Top Searches Google Should Suppress
I am opposed to censorship, but I also support privacy rights. Google’s massive database of anything and everything coupled with powerful search technologies have utterly destroyed privacy as we once knew it. An entire community of Google-Enabled hacking and mayhem has arisen around the search giant, including the popular johnny.ihackstuff.com . Below, I have compiled a list of the top 8 searches that Google should suppress to protect privacy of millions of people across the internet.
I am sure some people will be upset by the information below. I haven’t let the cat out of the bag, this information has been available for nefarious characters for years, it just really has not been talked about enough. So, in no meaningful order, here we go…
1. Credit Card Searches
It is disgustingly easy to find credit card information online.
The queries are actually quite simple to put together. “Visa*4635″, “Mastercard*5490″. In fact, just take a moment to go through your credit cards. Take the vendor (Visa, mastercard, AMEX, etc) and then the first 4 digits and place an asterisk between the two. Voila. Aside from research into how much bad information can be found online, I cannot imagine any good use of this type of search.
2. “Powered by” Searches.
“Powered by” searches are popular among guestbook, trackback, forum, wiki, and comment spammers because it becomes terrifically easy to exploit a single vulnerability across hundreds if not thousands of web sites.
3. “ext:bak” Searches + (ssn, credit card vendors, password etc.)
Google’s powerful “ext:” or filetype: search tools allow you to filter based on the filetype. Unfortunately, there are certain types of extensions that expose code. For example, a backup of a php code (filename.php.bak) on a server would allow for easy access to mysql passwords. mysql_connect ext:bak -denied localhost
4. Site Statistics Searches
One of the growing problems in the fight against non-email spam is “Referral Spam”. Link-hungry search engine optimizers will send tons of fake traffic to websites whose site-statistics packages get indexed by Google. This allows their link to get onto the “top referrers” part of the site statistics, and thus get a quality backlink. How do they find sites to spam? Google. For example, webalizer intitle:”usage statistics”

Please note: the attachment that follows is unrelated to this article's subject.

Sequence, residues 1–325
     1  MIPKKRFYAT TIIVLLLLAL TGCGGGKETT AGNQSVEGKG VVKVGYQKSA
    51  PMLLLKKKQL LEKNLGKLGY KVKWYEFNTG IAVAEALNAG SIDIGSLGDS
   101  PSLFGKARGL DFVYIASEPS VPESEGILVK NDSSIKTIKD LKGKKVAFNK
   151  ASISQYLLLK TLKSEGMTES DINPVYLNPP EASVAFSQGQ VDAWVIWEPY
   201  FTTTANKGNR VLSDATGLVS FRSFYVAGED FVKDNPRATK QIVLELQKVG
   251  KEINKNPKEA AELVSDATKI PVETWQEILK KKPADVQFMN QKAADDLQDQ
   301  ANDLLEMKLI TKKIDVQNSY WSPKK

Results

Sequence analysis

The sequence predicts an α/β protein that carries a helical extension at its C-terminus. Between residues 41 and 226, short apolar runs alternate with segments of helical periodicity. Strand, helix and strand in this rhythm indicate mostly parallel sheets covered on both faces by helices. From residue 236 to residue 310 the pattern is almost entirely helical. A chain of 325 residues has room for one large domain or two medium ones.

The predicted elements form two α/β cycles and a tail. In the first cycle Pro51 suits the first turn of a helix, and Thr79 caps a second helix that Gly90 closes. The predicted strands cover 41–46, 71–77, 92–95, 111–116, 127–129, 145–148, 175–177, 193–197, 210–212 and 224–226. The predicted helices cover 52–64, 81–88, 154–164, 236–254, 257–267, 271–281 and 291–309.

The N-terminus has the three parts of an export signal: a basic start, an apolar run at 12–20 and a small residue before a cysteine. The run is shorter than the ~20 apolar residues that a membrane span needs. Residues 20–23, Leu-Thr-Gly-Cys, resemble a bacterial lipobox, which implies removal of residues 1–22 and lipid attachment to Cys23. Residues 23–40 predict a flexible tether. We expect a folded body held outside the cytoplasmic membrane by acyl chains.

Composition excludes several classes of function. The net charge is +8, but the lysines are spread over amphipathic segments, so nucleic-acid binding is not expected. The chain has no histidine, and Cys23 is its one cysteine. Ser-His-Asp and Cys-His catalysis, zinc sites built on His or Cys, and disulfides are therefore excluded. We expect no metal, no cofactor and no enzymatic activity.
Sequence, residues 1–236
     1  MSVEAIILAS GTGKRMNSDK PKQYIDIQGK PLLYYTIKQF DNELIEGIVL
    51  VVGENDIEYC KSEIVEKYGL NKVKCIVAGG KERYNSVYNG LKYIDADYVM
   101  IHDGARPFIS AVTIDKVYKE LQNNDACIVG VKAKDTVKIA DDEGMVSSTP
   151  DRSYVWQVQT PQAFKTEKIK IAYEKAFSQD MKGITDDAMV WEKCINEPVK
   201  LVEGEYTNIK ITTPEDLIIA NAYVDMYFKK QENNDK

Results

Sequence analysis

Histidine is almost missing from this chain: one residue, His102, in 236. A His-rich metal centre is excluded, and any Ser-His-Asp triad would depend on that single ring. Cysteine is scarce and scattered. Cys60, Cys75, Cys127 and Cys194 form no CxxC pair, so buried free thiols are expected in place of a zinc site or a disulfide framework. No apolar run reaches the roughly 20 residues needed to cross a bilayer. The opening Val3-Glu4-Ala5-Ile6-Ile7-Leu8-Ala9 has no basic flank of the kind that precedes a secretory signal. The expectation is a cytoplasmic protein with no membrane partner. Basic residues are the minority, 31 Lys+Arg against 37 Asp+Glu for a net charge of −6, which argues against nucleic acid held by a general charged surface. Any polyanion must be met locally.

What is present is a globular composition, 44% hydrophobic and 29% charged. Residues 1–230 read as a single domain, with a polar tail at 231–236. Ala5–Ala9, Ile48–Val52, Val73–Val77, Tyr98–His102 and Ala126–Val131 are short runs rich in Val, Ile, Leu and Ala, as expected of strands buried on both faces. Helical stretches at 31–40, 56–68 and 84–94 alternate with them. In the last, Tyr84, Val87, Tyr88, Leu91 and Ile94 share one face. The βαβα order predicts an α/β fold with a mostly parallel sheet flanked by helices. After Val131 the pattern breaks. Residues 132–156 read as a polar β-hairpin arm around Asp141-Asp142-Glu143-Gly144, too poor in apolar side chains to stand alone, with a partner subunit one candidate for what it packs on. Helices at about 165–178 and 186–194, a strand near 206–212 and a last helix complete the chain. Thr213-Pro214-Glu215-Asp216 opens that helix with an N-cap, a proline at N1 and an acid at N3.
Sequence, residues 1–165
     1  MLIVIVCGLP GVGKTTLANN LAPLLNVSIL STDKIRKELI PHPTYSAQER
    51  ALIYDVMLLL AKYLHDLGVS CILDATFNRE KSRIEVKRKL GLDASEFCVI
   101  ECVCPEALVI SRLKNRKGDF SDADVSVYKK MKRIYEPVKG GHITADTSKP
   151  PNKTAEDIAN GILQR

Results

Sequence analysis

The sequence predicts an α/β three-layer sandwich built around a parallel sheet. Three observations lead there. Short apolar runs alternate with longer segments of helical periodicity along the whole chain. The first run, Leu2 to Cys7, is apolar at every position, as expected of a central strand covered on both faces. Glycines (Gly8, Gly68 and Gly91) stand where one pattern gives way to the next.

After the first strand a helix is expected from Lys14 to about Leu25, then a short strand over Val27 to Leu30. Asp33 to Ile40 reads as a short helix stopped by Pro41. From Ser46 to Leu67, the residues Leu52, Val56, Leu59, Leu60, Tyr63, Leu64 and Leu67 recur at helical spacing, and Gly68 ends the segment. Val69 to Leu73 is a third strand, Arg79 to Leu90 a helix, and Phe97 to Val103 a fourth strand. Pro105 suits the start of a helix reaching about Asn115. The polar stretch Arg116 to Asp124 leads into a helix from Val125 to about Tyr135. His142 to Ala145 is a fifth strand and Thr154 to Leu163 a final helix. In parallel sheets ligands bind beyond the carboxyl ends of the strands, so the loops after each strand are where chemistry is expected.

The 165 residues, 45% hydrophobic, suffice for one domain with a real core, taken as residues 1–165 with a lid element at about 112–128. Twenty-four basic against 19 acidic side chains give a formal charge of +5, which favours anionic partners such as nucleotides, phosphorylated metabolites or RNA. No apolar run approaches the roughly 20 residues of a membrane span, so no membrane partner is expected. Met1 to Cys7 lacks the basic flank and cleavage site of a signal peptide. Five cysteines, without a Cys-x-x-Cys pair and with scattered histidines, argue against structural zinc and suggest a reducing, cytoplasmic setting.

5. Spam Searches “mailto*hotmail”
This one baffles me beyond belief. For years wild-card searches have been used solely to scrape massive numbers of email addresses. A simple script kiddy can scrape Google of literally millions of email addresses with just a handful of queries like the one above and an off-line browser. Ridiculous. Honestly, can you think of one good, legal use of this query?
6. “ext:csv” Searches + (ssn, credit card vendors, password etc.)
The comma separated file is a popular, easy to use spreadsheet type method of storing data. It also was never meant for the web. Just prepend “ext:csv” with “accounts receivable” or “social security number” and you are sure to find implicitly private data that was never meant for the web. Once again, little to no good could come out of this search.
7. “ext:xls” Searches + (ssn, credit card vendors, password etc.)
Anyone noticing a pattern here? A lot of ext: type searches are popping up. Regardless, Excel spreadsheets really ought not be in the index at all (imho), but certainly not when coupled with terms like those above
8. Number Ranges + (ssn, credit card vendors)
Google allows you to search for anything between particular numbers. This makes it very easy to find social security numbers and credit card numbers. ex: ssn 111111111..999999999
The Best Solution
There is another option, though. A very simple solution to the problem. Google could simply take these queries, combine them with more sophisticated Regular Expressions, and run filters regularly to hide implicitly private data from searchers. How easy would that be? Instead of trying to supress the millions of different ways that people could search for private data, just exclude implicitly private data altogether.
If Google is to assume that anything and everything online without a robots.txt or meta-tag blocking it ought to be spidered, then the burden falls on them to protect the privacy of those it threatens.